• Motivating forgetting is actually seeking to forget. That may occur through suppression a conscious means of forgetting and repression a subconscious means of forgetting. Repression is not universally accepted by all of psychology since it is very difficult to study. A consideration is strengthening memory is through rehearsing and the action of remembering increase a memory’s value and importance. A painful event may not be recalled because purposefully it is not remembered becoming a weaker memory.

There you are, where have you been, I have been looking for you for a while now,

I am sure glad to see you again, how have you been, you look to be well, Amazing,

Yes, yes, yes all goes well, oh yes there are many tribulations, trials always abound,

Today is a great day, I am glad you are with me today, I am glad to be with you again.



Poetry at times while not always is a tribute to a memory or memories. For instance there is an ode. That is a poem where a person expresses a strong feeling of love and respect of something or someone. An ode is usually written with a formal format with stanza structure. However, an ode is written based on a memory. That memory is as much cherished as the person or the thing.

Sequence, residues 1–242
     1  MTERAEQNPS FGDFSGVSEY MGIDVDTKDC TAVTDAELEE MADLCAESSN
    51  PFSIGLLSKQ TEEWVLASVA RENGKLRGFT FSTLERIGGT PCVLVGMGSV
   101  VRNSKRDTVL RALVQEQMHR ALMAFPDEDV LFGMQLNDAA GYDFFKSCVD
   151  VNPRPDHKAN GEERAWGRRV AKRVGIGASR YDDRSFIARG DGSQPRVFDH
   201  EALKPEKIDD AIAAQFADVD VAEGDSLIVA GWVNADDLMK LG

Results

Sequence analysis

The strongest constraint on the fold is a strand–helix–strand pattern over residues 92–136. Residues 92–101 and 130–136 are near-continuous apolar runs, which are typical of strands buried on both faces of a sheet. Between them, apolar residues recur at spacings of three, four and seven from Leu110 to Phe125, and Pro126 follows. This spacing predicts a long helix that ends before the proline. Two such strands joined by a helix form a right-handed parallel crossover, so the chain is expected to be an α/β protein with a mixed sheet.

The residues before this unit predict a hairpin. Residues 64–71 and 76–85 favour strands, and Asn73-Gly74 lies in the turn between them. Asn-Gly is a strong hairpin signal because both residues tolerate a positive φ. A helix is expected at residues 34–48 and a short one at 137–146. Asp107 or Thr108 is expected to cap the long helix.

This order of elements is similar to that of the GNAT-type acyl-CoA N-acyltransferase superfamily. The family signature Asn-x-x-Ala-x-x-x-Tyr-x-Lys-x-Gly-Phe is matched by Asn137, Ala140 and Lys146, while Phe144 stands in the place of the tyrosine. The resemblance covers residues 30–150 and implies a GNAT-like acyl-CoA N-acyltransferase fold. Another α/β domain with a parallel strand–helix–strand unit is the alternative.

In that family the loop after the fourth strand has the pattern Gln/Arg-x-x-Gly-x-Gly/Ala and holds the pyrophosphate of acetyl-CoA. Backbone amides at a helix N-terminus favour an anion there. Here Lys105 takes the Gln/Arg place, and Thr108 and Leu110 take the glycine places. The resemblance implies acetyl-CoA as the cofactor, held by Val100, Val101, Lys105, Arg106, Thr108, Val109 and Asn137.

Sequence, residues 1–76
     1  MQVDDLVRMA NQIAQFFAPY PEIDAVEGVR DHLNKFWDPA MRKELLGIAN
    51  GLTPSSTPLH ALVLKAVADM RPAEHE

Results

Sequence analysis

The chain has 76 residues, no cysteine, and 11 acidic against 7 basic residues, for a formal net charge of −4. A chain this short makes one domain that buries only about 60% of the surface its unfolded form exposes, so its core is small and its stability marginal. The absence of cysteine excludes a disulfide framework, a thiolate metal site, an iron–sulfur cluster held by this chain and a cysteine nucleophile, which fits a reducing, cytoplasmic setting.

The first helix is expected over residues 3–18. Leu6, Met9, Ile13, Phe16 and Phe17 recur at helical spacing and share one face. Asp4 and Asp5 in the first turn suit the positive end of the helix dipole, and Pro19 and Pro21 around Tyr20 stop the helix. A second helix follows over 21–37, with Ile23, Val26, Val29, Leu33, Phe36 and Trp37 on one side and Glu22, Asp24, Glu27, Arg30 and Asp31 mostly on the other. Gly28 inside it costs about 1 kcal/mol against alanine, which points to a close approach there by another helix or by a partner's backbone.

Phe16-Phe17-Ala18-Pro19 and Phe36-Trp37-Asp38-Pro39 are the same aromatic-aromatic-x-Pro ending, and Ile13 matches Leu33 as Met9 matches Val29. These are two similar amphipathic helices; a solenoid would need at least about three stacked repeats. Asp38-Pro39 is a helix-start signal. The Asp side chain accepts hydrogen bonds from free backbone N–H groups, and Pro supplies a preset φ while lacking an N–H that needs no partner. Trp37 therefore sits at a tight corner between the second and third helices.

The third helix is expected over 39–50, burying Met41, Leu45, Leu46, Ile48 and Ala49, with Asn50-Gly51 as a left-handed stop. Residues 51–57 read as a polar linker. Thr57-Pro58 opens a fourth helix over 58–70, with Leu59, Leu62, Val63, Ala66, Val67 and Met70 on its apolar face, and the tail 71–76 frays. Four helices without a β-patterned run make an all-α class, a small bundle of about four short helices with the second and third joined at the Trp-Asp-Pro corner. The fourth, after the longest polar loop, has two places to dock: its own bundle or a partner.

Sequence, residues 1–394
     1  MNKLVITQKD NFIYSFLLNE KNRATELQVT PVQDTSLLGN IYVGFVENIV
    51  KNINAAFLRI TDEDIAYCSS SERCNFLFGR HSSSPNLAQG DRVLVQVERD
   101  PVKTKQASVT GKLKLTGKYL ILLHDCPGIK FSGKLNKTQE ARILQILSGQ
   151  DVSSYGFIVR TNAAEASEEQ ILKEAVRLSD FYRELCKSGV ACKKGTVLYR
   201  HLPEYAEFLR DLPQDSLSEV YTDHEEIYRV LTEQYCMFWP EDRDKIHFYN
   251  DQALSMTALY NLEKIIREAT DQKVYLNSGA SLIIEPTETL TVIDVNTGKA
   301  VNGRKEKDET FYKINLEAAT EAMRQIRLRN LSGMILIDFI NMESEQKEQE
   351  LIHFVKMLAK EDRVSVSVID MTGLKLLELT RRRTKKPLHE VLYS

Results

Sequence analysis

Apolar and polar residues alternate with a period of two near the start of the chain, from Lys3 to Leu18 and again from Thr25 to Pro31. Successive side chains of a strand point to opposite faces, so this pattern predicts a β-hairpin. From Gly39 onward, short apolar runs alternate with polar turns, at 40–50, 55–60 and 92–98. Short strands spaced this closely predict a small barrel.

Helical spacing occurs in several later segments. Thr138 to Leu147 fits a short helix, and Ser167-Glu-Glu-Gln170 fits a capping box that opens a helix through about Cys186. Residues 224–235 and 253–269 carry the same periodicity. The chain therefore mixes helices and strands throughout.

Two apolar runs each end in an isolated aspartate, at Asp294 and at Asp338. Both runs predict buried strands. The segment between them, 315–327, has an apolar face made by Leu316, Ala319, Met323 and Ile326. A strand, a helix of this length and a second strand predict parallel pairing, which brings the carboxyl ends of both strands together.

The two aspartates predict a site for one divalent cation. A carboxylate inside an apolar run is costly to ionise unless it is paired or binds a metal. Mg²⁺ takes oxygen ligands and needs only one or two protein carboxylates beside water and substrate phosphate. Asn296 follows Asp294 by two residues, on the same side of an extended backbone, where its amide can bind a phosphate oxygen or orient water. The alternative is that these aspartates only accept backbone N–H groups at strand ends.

An epic poem follows along that same pathway as does the ode. An epic poem many times again with a structured lyrical form of stanza is a narrative of a heroic adventure related to the poet’s culture. It too is based upon a memory or collection of memories.

Haiku Poetry & Imagery combine forming a Haiga . . . a Memory

© 2013, Ms. Sannel Larson. A Haiku is a poem of three lines with a beat of 5 syllables followed by 7 and 5 more. Combined with an image it becomes a Haiga. A memory is formed.
© 2013, Ms. Sannel Larson. A Haiku is a poem of three lines with a beat of 5 syllables followed by 7 and 5 more. Combined with an image it becomes a Haiga. A memory is formed. | Source

We can easily see through those and many free forms of poetry today the poem can be a tribute to a memory, even though the memory is questionable, controversial, or even forgotten. Poetry is linked to memory and memories can be remembered more easily through poetry.

Poetry as other forms of art can be used as a tool for rehearsing as well as an action of remembering. Importance is caused to be significant allowing for that memory within that large box to be found like a candle flickering in deep, dark cave. Whether the poem is published publicly, shared with an intimate friendship, or stored in a binder it becomes a conduit to a moment or even a lifetime of memory.

© 2015 Tim Mitchell